Wednesday, April 25, 2018

Rookie Stripe: Treading Water -- The Dangers of Dehydration for NASCAR Drivers

Photo credit: Lisa Janine Cloud for Skirts and Scuffs
By Logan Stewart Kureczka

Racing may seem like no sweat for NASCAR’s top drivers, but in the compact space of a race car cockpit, soaring temperatures can pose a threat unlike anything they encounter from competitors.

Drivers strapped in behind the wheel for hours on end face interior temperatures that can easily climb to 120 or 130 degrees (sometimes higher depending on conditions). Heat travels through the car’s interior and floorboards, and in order to preserve precious energy needed for speed, the cars are not air conditioned.

Even though a fire suit acts has fire retardant properties, its main job is to protect the user from fire, not to cool a human being. According to The Physics of NASCAR: The Science Behind the Speed, the body temperature of a driver is important beyond reasons of more than keeping the driver happy and comfortable. When temperatures soar into the triple digits it can pose a life-threatening situation. Heat can take an extreme toll on drivers, causing dehydration and worse. It can impact their mental state behind the wheel and ultimately how they perform, as well as their safety.

Keeping the driver cool and hydrated is much more than a comfort issue. Heat can cause mental and physical exhaustion and promote “irritability, anger and other emotional states that may result in rash or careless behavior,” according to a study done at the University of Western Australia. A driver who loses more than 3 percent of his body weight in fluids is at risk for fatigue-induced errors…a driver can sweat the equivalent of ten pounds of body weight during a race which is comparable to the fluid loss of football players and marathon runners. [1]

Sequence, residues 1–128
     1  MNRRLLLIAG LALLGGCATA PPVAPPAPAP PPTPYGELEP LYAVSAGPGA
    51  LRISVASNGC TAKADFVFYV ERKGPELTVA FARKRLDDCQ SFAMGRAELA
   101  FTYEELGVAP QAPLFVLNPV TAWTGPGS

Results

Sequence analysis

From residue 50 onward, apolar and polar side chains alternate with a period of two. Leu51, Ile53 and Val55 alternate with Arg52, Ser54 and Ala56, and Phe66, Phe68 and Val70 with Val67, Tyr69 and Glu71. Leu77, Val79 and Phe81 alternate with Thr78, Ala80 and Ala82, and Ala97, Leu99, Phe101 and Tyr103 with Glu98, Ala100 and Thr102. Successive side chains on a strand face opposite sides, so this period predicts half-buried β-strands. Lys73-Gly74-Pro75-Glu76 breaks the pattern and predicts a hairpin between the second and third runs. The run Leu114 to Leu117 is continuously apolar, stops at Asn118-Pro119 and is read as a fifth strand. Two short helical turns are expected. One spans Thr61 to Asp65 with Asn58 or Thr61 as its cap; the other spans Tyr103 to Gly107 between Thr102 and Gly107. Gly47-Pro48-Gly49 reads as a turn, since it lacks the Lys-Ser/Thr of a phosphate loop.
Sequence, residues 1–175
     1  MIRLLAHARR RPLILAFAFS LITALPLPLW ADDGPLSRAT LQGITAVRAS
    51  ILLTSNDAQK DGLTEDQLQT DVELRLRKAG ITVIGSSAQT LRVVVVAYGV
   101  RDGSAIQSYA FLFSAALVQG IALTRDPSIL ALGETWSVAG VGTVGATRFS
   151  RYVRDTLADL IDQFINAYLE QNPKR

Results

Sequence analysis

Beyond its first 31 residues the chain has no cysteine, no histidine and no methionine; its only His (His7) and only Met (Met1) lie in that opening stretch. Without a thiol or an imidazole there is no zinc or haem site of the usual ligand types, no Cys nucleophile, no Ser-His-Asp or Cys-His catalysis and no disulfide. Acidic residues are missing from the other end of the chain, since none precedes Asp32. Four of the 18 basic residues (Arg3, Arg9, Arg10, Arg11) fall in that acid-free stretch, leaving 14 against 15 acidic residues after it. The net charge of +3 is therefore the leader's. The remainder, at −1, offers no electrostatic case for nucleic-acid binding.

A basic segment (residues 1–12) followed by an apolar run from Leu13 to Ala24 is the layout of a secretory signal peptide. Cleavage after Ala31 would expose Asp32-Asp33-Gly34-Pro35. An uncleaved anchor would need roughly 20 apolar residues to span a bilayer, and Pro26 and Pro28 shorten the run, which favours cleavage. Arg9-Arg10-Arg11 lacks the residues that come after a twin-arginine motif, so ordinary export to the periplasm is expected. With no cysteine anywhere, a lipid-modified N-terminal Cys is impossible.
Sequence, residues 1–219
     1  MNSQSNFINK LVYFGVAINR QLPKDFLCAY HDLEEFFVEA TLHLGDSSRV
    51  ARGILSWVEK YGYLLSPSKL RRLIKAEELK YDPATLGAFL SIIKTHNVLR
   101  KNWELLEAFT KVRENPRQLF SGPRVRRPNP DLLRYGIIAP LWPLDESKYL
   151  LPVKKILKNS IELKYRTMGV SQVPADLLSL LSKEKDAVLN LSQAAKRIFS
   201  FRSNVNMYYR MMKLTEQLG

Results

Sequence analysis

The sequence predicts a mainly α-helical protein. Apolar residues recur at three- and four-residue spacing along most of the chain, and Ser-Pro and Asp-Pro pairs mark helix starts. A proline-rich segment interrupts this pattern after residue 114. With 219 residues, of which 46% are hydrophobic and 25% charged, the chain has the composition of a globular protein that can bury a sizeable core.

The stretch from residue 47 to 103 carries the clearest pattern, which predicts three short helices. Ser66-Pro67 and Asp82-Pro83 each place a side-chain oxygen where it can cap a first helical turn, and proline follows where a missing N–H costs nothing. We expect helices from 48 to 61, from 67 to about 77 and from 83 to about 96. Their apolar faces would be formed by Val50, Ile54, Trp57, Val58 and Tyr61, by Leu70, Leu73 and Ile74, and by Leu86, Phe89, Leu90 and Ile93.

In October 2017 Kyle Busch got so overheated at Charlotte Motor Speedway that he exited his vehicle, laid down on the grass and had to have ice and cold compresses applied to his body. He later said he felt nauseous and it was the hottest he had ever been inside a car. Jimmie Johnson had a similar experience at Richmond International Raceway in 2014 when he began to cramp and sat down on the pavement, and later went to the infield care center for a bag of fluids to help him recover.
Photo credit: Lisa Janine Cloud for Skirts and Scuffs
Searing temperatures are nothing new to NASCAR drivers and teams, but figuring out how to fight them, especially when it comes to safety and performance, can be daunting. In modern day racing, teams have begun to put special emphasis on keeping dehydration at bay and focusing on the science behind fluid loss and human performance. Hotter tracks have more humidity, which can make the dehydration risk higher. These days, some drivers also compete back to back days in both the Xfinity and Monster Energy series, which elevates their level of dehydration risk even more.
Photo credit: Charlotte Bray for Skirts and Scuffs
The fight for hydration is real and sweat is unavoidable in NASCAR. As teams anxiously track the weather in the week leading up to each race, they experiment delicately with an ever-changing blend of science and strategy that hopefully in the end, keeps them safe and on top.

[1] Leslie-Pelecky, Diandra. The Physics of NASCAR: The Science Behind the Speed. February 2008.Print.

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